Parents' Guide to

Disaster Report 4: Summer Memories

By David Chapman, Common Sense Media Reviewer

age 15+

Dated disaster game has a strong focus on moral choice.

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If a natural disaster struck unexpectedly, how would you react to it, and more importantly, what type of person would you be? Disaster Report 4: Summer Memories asks players these questions, injecting more of the human element into the standard survival adventure. Players constantly face decisions that risk their lives and test their morality. Do you take a chance to search a nearby building for much needed supplies, even though it could collapse at any moment and bury you in rubble? Do you force another survivor to pay you for your help? The game pushes boundaries here too, including offering more lewd options such as using the tragedy to hit on other characters. It's left to players to decide the type of person they want to be, and choices made in the moment can have consequences later on down the road. It's shocking sometimes to see just how cold and slimy the player can be in a time of crisis. Thankfully, it's just as easy to swing the moral pendulum in the other direction to be a more humane, sympathetic character.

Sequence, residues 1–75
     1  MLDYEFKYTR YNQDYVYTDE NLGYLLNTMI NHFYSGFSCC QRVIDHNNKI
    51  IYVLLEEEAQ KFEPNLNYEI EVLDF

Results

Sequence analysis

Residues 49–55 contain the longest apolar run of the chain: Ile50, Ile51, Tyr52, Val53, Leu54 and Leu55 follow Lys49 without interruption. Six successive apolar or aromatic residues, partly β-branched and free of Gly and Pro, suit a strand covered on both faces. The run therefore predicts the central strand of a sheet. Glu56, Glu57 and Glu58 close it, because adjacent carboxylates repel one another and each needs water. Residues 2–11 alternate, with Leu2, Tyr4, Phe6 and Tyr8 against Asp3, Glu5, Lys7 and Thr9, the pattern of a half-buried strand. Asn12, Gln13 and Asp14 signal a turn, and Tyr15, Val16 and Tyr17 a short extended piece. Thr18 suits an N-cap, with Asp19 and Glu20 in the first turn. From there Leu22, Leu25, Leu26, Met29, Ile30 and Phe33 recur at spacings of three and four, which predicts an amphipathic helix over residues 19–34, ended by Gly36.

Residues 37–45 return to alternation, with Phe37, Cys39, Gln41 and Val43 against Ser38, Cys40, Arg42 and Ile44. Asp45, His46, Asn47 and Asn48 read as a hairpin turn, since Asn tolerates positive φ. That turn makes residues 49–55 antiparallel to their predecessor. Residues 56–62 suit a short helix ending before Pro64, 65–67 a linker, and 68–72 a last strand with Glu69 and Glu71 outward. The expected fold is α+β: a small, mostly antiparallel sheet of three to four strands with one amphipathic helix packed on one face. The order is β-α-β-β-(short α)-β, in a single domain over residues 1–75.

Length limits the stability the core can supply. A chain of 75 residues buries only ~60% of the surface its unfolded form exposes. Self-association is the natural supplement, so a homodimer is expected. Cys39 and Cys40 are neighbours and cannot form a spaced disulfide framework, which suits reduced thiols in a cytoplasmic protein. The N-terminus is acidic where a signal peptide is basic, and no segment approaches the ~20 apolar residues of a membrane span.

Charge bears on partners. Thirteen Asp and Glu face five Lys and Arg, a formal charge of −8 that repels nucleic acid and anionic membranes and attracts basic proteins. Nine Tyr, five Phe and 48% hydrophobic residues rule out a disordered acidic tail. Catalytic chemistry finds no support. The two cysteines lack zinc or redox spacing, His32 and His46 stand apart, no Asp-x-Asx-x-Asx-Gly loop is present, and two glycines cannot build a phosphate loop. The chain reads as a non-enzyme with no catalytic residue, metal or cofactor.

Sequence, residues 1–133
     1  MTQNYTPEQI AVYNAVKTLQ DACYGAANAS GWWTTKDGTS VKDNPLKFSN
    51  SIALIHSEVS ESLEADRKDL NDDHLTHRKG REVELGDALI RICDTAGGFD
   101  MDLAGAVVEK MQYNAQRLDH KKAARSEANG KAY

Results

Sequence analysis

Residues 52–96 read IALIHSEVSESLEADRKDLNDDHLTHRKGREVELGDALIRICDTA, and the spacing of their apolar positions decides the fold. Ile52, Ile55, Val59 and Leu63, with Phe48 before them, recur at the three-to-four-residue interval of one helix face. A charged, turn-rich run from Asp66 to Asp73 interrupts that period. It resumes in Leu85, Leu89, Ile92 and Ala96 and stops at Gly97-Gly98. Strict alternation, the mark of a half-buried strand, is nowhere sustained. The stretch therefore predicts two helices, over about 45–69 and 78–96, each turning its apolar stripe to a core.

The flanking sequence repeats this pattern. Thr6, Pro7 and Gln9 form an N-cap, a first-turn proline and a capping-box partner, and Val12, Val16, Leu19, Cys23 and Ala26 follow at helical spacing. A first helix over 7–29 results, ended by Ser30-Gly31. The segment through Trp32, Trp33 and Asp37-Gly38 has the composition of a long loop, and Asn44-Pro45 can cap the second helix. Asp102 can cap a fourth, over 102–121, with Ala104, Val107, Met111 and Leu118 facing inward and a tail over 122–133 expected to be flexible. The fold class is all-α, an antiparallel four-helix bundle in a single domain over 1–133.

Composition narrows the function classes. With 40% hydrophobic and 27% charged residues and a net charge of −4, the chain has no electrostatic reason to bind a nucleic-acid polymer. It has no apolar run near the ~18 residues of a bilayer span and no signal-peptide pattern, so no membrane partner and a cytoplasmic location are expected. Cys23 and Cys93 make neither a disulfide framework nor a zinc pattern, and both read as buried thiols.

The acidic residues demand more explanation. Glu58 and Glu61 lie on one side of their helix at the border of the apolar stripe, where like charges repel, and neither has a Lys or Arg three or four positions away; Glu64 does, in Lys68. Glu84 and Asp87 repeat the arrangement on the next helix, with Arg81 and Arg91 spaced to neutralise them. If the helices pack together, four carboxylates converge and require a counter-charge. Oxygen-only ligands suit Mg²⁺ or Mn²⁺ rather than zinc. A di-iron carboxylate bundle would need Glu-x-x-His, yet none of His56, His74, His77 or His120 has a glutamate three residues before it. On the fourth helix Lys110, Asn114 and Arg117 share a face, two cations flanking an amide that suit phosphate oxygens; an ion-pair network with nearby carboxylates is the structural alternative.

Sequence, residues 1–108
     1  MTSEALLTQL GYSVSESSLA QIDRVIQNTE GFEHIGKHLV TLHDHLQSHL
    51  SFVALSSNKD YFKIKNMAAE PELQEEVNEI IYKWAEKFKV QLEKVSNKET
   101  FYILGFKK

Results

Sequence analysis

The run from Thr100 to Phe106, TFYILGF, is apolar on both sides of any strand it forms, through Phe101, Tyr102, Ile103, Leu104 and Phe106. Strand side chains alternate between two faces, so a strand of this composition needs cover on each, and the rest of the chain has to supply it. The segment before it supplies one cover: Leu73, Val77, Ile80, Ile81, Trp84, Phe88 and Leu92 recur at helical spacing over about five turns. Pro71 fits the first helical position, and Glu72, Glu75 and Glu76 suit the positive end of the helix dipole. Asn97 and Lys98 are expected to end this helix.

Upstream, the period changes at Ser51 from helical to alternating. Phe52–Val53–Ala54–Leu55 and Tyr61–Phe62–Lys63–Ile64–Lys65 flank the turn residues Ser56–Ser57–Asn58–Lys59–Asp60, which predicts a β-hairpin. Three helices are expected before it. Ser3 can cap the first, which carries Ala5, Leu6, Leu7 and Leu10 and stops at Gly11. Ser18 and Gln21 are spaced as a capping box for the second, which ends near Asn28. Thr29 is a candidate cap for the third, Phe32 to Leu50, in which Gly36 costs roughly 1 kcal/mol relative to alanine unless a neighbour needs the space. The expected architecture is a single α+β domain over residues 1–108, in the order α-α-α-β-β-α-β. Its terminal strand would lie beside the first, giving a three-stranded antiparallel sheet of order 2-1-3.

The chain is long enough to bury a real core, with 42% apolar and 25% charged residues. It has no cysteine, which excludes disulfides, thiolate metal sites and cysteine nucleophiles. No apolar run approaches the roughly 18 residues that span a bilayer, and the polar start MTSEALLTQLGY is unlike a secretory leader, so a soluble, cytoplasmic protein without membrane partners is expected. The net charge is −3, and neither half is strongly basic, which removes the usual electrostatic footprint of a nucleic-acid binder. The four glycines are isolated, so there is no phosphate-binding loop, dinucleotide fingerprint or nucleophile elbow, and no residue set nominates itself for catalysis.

Disaster Report 4 has had a rough road getting to audiences, having originally started development almost a decade ago. Unfortunately, this shows in the gameplay. The presentation lacks a lot of detail in the environments and animations. The controls are clunky, with players moving around awkwardly from place to place. This gets even more frustrating when pieces of wrecked buildings fall and there's no way to escape the debris, causing instant death for the player. Finally, while the game does a solid job of incorporating all types of personalities into the stories, the plot is paper thin and disconnected from the harsh reality of the situation. Some characters even stand around acting like it's just another normal day as the city falls apart around them. Despite this, Disaster Report 4: Summer Memories still works as a great springboard for audiences to start real discussions about how they would react in a real-world disaster situation.

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